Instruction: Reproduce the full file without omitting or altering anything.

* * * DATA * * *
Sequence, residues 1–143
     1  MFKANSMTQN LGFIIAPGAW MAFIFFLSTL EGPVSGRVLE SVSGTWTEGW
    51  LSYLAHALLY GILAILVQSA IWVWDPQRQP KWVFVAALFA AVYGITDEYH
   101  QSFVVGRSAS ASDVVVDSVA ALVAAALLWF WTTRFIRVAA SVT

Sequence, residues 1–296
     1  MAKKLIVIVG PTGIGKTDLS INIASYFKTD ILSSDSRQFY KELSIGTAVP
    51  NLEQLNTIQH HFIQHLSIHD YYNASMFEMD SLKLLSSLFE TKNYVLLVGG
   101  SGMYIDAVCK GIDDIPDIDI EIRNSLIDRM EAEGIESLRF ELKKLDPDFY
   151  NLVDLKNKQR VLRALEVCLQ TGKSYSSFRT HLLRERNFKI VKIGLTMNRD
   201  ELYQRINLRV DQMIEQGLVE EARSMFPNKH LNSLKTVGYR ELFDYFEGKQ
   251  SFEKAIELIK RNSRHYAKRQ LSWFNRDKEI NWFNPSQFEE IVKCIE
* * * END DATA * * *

Sequence, residues 1–143
     1  MFKANSMTQN LGFIIAPGAW MAFIFFLSTL EGPVSGRVLE SVSGTWTEGW
    51  LSYLAHALLY GILAILVQSA IWVWDPQRQP KWVFVAALFA AVYGITDEYH
   101  QSFVVGRSAS ASDVVVDSVA ALVAAALLWF WTTRFIRVAA SVT

Sequence, residues 1–296
     1  MAKKLIVIVG PTGIGKTDLS INIASYFKTD ILSSDSRQFY KELSIGTAVP
    51  NLEQLNTIQH HFIQHLSIHD YYNASMFEMD SLKLLSSLFE TKNYVLLVGG
   101  SGMYIDAVCK GIDDIPDIDI EIRNSLIDRM EAEGIESLRF ELKKLDPDFY
   151  NLVDLKNKQR VLRALEVCLQ TGKSYSSFRT HLLRERNFKI VKIGLTMNRD
   201  ELYQRINLRV DQMIEQGLVE EARSMFPNKH LNSLKTVGYR ELFDYFEGKQ
   251  SFEKAIELIK RNSRHYAKRQ LSWFNRDKEI NWFNPSQFEE IVKCIE